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Arteriovenous Malformations

What Are Arteriovenous Malformations (AVM)?

An arteriovenous malformation (AVM) is an abnormal connection between arteries and veins. In the normal circulation system, blood travels from arteries into capillaries and then into veins. Some arteriovenous malformations (AVMs), commonly seen on the head and neck, can appear as light stains at birth. Other types of AVMs, commonly seen on the trunk or on a limb, may not be noticed until later in childhood.

AVMs may occur in our soft tissues like skin, fat and muscles as well as in organs such as the brain, lung, liver and intestines. Lesions within the brain are the most common arteriovenous malformation. AVMs in the brain sometimes do not cause any symptoms but may cause issues as the AVM becomes larger and can be life-threatening.

It is unknown what causes AVMs. Individuals with conditions like hereditary hemorrhagic telangiectasia (HHT) or capillary malformation-arteriovenous malformation (CM-AVM syndrome) and those with certain genetic abnormalities like RASA1 mutations are more likely to have AVMs. There are additional genetic abnormalities that are connected with AVMs in the brain.

What do AVMs look like?

AVMs can appear in many different ways.

Often, an AVM cannot be seen. However, when there is soft tissue involvement, these malformations show up as a light red-pink color in infancy and childhood. With age, the skin becomes a darker red or purple color, and a firm mass appears below the area of skin discoloration.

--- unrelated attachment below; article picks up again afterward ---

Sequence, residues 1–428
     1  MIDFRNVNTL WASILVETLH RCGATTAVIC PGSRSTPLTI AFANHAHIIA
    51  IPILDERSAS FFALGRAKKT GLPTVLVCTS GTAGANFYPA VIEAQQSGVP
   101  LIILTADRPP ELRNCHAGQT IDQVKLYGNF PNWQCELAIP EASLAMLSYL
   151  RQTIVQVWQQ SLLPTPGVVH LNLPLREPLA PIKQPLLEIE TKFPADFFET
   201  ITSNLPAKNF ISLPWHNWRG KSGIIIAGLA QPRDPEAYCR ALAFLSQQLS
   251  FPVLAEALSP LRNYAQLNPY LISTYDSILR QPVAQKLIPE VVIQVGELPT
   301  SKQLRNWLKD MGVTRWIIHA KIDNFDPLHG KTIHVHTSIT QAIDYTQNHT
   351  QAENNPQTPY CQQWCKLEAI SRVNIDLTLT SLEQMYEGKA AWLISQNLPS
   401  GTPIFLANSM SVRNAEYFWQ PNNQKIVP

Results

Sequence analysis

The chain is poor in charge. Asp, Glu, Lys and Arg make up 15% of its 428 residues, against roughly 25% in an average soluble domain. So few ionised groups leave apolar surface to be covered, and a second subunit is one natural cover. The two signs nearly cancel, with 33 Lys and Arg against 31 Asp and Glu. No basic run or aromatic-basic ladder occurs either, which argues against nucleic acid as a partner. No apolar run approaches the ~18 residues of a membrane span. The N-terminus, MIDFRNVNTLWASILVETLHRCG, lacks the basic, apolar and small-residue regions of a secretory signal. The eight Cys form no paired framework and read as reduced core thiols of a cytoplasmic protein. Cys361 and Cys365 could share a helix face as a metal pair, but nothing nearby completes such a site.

If you rest your hand over the lesion, you will feel increased warmth (compared to nearby skin) and sometimes feel pulsation of the blood.

When in the arm or leg, the one with the AVM in it may be larger than the unaffected limb.

How are AVMs diagnosed?

Physical examination shows that the skin covering the lesion is warm or hot to touch. Pulsation of blood flow can be felt, and an audible noise can be heard with a stethoscope.

Figuring out the extent of the lesion and identifying the core (called a “nidus”) is done through magnetic resonance imaging (MRI), magnetic resonance angiography (MRA; a specific type of MRI that looks at the flow of blood in vessels), or traditional angiography. Tests are essential for diagnosis and treatment planning.

Conditions Involving Arteriovenous Malformations

Hereditary Hemorrhagic Telangiectasia (HHT)

A genetic disorder called hereditary hemorrhagic telangiectasia (HHT) or Osler-Weber-Rendu syndrome is characterized by multiple, small arteriovenous lesions. These lesions can occur in the skin, mucous membranes (mouth, nose, and gastrointestinal tract), lungs, liver, brain, and other sites. Patients usually present with telangiectasias (small dilated blood vessels)) of the skin and mucous membranes, and nosebleeds. Some people may have AVMs within their internal organs. At least three genes are known to cause this condition. It is usually inherited from one parent.

Capillary Malformation-Arteriovenous Malformation (CM-AVM) syndrome

Capillary Malformation-Arteriovenous Malformation syndrome (CM-AVM) is a genetic disorder that affects the blood vessels. In CM-AVM, certain types of blood vessels (capillaries) are enlarged, with multiple capillary malformations visible on the skin. There can also be abnormal connections between blood vessels, resulting in AVMs. These AVMs can be internal, in the brain and spine, or can occur in the skin, muscle or bone on the trunk, or in a limb as part of Parkes Weber syndrome (see below).

Parkes-Weber Syndrome

Parkes-Weber syndrome involves AVMs of an extremity, most commonly the leg. These patients also may have lymphatic malformations. The affected limb usually has a capillary malformation visible on the skin and is larger than the unaffected leg. The AVM of the leg may put extra stress on the heart. If untreated, this can result in heart issues that can become very serious.